Getting arrested for DUI does not mean you will be convicted. Police misconduct, defective breathalyzers and crime lab mistakes may be enough to get your charges lessened or dismissed. Visit our page on Nevada DUI Laws to learn more.
Can I get my gun rights restored after a Nevada conviction?
Playlist: Pardons and guns
A pardon. People who have been convicted of a felony in Nevada are no longer allowed to own or possess guns. The only way they can get their gun rights restored is to receive a pardon from the Nevada government.
But note that pardons do notseal the felony conviction. Also, note that pardon applicants have to specifically ask for gun rights to be restored.
If they do not, a pardon will only restore a person’s civil rights (such as the right to vote and serve on a jury).
2. How do pardons work in Nevada?
The Nevada Board of Pardon Commissioners meets at least twice a year to consider pardon applications.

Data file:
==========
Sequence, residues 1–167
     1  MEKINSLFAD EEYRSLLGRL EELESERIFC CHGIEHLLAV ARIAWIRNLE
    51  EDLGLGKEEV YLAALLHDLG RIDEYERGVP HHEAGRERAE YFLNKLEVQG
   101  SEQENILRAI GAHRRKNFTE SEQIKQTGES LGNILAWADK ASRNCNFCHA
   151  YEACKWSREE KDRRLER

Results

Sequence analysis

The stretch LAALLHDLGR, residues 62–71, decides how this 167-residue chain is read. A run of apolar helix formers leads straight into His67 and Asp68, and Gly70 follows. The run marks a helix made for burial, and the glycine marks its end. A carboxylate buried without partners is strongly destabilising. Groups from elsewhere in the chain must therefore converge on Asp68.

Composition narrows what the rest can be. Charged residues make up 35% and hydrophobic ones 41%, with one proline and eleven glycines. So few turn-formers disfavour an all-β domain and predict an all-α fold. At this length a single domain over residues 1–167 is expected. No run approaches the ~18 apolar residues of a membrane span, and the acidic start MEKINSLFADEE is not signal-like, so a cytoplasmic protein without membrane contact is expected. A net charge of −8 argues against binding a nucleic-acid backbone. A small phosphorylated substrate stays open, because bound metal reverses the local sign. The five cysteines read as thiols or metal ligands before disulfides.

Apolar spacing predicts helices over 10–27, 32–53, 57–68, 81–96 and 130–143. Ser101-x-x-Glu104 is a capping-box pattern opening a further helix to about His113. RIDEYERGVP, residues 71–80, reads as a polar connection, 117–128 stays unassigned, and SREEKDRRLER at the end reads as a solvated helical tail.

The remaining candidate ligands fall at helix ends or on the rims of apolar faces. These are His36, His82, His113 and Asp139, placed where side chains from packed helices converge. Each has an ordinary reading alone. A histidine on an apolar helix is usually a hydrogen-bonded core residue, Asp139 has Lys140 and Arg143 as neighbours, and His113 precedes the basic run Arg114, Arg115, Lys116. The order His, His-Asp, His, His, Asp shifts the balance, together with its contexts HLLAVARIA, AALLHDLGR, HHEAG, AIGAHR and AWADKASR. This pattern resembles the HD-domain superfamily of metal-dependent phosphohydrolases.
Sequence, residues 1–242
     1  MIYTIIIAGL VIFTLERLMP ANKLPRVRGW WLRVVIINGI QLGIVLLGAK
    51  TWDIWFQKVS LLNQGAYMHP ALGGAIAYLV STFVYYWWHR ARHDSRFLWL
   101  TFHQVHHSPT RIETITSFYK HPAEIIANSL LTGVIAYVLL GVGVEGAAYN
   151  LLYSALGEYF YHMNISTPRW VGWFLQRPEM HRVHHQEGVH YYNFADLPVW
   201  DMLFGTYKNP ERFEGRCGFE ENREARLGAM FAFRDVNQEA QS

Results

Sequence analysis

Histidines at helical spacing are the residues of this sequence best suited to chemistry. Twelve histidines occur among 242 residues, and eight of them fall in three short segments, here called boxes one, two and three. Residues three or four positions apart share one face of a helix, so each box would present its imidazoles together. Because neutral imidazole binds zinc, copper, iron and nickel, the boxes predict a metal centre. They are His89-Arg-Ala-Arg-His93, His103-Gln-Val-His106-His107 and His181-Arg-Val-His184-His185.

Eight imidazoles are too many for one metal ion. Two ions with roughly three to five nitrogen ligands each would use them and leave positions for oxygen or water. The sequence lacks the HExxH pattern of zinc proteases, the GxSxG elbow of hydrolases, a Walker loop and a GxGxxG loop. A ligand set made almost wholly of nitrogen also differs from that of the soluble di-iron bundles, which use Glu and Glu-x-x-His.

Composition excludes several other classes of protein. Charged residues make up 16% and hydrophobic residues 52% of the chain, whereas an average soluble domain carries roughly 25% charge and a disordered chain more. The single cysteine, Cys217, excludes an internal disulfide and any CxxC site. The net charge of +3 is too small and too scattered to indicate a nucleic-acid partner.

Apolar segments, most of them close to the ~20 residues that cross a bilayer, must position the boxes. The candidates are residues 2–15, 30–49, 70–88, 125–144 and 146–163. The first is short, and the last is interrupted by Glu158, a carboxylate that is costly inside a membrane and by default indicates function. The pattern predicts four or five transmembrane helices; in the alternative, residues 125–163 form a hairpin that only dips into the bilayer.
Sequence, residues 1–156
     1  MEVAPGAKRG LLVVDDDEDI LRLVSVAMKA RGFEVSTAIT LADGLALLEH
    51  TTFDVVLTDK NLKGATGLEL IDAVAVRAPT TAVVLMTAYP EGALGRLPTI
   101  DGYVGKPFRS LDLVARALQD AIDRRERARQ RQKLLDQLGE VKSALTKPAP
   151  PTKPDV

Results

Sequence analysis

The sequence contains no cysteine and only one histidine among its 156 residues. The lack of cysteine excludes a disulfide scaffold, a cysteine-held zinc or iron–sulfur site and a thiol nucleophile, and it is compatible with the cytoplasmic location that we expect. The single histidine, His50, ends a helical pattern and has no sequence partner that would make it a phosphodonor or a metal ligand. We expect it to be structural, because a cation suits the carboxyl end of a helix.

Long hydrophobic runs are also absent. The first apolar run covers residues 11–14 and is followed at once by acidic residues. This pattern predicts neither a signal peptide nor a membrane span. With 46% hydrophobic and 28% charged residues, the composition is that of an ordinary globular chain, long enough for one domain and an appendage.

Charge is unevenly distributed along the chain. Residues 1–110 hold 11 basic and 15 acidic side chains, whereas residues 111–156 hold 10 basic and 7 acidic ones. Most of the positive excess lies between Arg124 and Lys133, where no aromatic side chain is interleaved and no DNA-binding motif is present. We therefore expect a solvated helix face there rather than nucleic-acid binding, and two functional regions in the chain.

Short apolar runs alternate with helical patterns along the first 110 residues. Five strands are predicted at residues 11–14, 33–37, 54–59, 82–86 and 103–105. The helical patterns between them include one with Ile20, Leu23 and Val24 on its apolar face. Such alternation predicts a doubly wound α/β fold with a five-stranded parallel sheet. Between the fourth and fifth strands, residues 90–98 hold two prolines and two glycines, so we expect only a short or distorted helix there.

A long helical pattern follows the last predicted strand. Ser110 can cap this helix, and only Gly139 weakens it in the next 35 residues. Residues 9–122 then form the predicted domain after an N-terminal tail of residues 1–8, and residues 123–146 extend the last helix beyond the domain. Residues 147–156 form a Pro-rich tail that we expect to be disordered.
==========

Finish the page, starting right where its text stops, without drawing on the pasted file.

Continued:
Only convicted felons who are no longer serving their sentence may apply for pardons. (Note that people convicted of misdemeanor battery domestic violence may apply for pardons as well.)
Furthermore, it’s advised that applicants wait a “significant period of time” before submitting a pardon application to show that they have been fully rehabilitated.2
The government grants very few pardons, and it typically does not allow rejected applicants to reapply. Therefore it is recommended that applicants retain counsel to compose the pardon application. Call the Nevada Pardons Board at 775-687-5049 for an application. Learn more about Nevada pardon laws and the Nevada definition of deadly weapons.
A former Los Angeles prosecutor, attorney Neil Shouse graduated with honors from UC Berkeley and Harvard Law School (and completed additional graduate studies at MIT). He has been featured on CNN, Good Morning America, Dr Phil, The Today Show and Court TV. Mr Shouse has been recognized by the National Trial Lawyers as one of the Top 100 Criminal and Top 100 Civil Attorneys.